fired 900 employees on a Zoom call. He faced massive backlash and not a small dose of mockery over his insensitivity.
In an apology shared publicly following the incident, Garg noted the leadership lesson, saying: “I failed to show the appropriate amount of respect and appreciation for the individuals who were affected and for their contributions to Better.” After a leave of absence, Garg began working with an executive coach on his leadership.
More recently, the world is watching Elon Musk’s early days at the helm of Twitter with horror. His erratic, inscrutable leadership choices demonstrate remarkable disregard for the company’s people. While Musk faces tough business decisions, his lack of appreciation for the people who keep his business afloat could accelerate the sinking of the ship rather than save it.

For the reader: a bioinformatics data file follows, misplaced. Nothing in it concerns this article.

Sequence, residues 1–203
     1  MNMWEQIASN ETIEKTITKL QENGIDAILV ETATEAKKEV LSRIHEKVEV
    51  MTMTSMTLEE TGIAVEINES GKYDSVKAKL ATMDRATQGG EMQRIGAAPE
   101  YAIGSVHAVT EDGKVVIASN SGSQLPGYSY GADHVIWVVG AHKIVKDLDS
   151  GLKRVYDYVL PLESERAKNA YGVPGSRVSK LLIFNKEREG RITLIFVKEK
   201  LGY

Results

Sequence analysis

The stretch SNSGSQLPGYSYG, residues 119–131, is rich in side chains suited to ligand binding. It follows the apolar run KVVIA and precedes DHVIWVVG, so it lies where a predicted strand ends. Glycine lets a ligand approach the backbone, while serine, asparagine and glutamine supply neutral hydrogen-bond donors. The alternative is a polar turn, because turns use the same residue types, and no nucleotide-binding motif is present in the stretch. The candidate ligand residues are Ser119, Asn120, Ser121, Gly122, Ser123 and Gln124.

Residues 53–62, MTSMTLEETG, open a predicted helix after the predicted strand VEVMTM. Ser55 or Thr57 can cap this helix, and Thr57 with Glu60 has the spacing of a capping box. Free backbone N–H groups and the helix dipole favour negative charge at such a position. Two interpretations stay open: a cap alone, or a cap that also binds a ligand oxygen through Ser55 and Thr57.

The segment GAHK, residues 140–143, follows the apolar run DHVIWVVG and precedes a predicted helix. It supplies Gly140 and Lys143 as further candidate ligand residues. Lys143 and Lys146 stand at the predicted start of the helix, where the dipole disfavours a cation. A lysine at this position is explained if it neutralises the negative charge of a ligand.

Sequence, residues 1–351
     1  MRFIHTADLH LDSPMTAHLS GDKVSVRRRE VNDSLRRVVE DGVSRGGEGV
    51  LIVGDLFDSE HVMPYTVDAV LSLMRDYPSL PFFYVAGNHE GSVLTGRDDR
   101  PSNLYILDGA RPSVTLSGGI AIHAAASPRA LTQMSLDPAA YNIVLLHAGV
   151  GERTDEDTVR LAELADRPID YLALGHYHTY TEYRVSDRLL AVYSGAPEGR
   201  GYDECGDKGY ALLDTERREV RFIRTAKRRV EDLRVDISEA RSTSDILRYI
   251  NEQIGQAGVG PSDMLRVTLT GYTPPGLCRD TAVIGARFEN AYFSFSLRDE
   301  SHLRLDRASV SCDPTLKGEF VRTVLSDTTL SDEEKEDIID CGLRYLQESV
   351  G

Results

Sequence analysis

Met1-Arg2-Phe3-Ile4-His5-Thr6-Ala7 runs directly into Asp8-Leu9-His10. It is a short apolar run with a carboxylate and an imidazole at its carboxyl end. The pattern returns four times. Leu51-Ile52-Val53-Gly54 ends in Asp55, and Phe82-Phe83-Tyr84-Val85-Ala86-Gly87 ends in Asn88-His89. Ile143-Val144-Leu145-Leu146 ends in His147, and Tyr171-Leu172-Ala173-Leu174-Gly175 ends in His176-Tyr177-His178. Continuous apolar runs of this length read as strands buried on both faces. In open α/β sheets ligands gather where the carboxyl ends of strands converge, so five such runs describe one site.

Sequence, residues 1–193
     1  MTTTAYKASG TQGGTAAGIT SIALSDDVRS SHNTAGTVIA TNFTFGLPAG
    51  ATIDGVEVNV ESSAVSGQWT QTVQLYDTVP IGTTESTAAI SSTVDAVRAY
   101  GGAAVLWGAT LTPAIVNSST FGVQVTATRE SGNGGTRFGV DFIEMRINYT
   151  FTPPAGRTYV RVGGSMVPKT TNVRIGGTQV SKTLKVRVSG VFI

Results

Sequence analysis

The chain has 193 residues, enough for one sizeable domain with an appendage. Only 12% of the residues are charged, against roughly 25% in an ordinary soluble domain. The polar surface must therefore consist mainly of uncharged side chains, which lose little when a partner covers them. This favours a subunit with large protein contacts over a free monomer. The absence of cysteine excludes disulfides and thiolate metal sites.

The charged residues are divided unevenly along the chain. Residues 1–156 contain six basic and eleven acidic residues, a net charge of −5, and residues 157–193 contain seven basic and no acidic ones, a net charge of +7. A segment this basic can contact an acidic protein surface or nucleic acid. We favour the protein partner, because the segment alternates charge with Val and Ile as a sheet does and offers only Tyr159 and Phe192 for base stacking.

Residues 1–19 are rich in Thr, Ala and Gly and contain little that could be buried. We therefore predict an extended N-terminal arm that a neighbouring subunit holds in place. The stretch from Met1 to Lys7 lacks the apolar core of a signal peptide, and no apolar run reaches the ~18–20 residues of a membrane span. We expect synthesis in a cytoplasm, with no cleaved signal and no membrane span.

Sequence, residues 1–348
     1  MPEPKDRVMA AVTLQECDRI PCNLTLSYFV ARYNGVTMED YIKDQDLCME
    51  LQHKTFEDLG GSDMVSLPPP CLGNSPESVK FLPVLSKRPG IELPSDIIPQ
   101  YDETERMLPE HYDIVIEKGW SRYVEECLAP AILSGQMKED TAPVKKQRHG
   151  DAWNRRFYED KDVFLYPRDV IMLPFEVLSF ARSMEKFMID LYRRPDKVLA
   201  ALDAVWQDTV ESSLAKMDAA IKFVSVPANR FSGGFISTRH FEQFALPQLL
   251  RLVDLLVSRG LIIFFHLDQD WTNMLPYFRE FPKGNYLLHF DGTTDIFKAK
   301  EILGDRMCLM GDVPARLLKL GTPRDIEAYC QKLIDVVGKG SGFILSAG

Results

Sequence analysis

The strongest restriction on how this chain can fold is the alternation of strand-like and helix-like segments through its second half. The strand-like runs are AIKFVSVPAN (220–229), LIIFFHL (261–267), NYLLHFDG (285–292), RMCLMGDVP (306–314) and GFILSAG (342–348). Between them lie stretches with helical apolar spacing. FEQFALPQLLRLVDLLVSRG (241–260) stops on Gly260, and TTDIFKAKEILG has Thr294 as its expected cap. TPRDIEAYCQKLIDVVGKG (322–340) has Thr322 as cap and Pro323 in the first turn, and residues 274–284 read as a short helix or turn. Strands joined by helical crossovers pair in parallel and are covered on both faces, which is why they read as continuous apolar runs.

Businesses have reflected since The Great Resignation on how to entice employees back to the office and how to create cultures that appeal to talented people. Helping leaders embrace their genuine feelings of gratitude for their people and encouraging them to express it is one meaningful way to move the needle in the right direction.
When someone does something important for your organization, or demonstrates admirable qualities of character, don’t wait until the next fourth Thursday of November to acknowledge them. Any time between now and then can be a day for giving thanks.